To keep the state from becoming "insolvent," Governor Paterson announced that he will withhold 10 percent of nearly $1.9 billion in funding for schools and municipalities — including New York City — that was supposed to be issued on Tuesday.
As part of what he has described as a last ditch effort to avoid crossing "the financial Rubicon into fiscal disaster," Paterson will indefinitely delay the payout of $60 million in school aid and $23.9 million in municipal assistance that would have come to New York City. He insisted that he is not cutting the funds or impounding them, but putting them off until the state can afford the expenditures.
The Governor blamed the state Legislature for recently enacting a $2.7 billion budget deficit reduction package when he asked for a $3.2 billion package, which he says could have closed the budget shortfall. "Actions have consequences, choices matter and people are going to remember who stood up to confront a crisis and who stuck their heads in the sand and shirked responsibility," said Paterson, who noted that he expects legal challenges, but believes he is in the right. "If the Legislature won't act, I will." He added that if he didn't take action, the state would turn out bouncing checks, which "in itself is really what's illegal."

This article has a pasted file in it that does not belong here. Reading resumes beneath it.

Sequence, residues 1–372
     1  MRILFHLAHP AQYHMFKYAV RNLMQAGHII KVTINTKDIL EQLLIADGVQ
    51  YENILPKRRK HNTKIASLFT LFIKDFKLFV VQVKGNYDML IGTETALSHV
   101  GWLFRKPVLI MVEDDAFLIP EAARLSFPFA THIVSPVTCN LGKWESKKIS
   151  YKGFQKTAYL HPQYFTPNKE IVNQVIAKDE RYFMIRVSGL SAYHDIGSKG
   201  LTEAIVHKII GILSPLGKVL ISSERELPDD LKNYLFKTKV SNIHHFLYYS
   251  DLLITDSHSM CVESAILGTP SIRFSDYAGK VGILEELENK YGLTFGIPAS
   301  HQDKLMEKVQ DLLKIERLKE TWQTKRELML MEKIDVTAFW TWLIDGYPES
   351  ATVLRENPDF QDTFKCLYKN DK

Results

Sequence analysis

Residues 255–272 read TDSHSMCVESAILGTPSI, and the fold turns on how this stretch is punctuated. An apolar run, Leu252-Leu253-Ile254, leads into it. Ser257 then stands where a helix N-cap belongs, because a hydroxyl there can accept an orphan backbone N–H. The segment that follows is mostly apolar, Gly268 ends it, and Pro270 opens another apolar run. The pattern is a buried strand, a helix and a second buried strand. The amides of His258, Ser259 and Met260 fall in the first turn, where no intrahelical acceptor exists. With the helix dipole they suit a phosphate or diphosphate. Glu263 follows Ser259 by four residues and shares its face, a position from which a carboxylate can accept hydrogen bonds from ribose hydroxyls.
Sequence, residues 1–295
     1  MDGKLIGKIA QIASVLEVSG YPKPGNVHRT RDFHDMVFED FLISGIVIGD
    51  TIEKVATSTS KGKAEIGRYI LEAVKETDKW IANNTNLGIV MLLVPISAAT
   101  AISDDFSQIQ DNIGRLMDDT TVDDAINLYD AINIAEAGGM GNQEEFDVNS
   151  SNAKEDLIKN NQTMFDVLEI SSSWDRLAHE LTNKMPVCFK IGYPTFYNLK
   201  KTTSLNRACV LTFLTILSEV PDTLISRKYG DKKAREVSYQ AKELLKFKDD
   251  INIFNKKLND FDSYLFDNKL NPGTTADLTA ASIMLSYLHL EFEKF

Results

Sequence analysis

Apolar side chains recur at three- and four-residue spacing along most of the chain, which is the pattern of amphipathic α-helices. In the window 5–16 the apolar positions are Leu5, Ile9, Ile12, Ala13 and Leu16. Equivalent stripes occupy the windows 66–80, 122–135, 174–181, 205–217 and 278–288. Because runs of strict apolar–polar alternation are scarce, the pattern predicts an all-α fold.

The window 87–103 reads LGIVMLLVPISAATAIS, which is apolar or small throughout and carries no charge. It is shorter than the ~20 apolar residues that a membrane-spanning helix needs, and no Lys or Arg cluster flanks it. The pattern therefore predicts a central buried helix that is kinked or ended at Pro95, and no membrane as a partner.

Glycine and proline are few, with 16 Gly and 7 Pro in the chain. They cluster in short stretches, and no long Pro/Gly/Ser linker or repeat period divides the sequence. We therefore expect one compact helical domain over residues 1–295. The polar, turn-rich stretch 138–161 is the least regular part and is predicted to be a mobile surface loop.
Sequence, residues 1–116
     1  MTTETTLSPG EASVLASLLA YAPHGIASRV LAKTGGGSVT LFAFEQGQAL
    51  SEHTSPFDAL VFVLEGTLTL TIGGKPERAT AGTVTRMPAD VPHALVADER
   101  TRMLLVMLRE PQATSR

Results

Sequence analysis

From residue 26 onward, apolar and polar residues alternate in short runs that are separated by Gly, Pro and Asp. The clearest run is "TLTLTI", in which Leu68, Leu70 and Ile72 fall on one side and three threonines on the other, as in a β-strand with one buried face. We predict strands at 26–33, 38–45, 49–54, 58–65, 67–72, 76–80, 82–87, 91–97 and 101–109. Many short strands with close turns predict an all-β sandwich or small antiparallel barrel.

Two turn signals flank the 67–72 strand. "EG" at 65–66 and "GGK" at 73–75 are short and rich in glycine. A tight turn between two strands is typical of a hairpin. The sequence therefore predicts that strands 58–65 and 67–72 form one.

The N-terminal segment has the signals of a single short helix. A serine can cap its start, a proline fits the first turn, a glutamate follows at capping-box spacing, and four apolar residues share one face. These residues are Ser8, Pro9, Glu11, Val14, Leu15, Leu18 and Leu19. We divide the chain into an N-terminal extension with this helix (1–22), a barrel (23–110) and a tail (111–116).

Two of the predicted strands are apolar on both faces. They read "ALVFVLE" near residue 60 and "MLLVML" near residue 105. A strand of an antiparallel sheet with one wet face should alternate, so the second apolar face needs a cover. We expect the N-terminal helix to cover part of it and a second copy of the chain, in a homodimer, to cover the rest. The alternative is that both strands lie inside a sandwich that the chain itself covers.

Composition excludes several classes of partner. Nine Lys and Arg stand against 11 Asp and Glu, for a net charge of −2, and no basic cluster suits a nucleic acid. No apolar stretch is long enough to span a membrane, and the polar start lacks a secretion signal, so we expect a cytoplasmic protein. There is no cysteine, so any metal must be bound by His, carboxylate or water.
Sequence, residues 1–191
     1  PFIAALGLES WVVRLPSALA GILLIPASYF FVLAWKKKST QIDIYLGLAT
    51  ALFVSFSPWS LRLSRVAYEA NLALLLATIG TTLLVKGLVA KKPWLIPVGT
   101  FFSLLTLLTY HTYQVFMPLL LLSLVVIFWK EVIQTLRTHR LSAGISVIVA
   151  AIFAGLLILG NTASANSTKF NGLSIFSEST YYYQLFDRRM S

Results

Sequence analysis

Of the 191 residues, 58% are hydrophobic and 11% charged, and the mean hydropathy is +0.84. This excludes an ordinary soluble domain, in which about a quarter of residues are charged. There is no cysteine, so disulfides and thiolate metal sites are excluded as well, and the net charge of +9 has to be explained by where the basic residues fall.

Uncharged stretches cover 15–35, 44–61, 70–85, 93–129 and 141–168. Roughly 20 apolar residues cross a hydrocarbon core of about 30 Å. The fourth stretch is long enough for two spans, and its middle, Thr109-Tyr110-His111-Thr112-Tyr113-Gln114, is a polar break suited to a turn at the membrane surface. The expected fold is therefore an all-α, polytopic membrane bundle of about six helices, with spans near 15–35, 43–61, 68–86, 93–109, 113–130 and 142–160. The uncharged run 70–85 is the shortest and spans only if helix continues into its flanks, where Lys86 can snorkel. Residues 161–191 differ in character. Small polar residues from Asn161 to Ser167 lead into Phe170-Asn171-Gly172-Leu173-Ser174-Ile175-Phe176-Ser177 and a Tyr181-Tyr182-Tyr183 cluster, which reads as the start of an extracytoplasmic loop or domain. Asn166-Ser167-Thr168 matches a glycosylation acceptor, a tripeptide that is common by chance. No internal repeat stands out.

Legislators say that Paterson has crossed the line: "Case law says the Legislature is the branch of government with the power to enact and amend the budget," Sen. Eric Schneiderman (D-Manhattan) told the tabloid. "He may have difficulty working with the Legislature, but it is his constitutional obligation to do so." Education groups have already prepared lawsuits if their funding is withheld.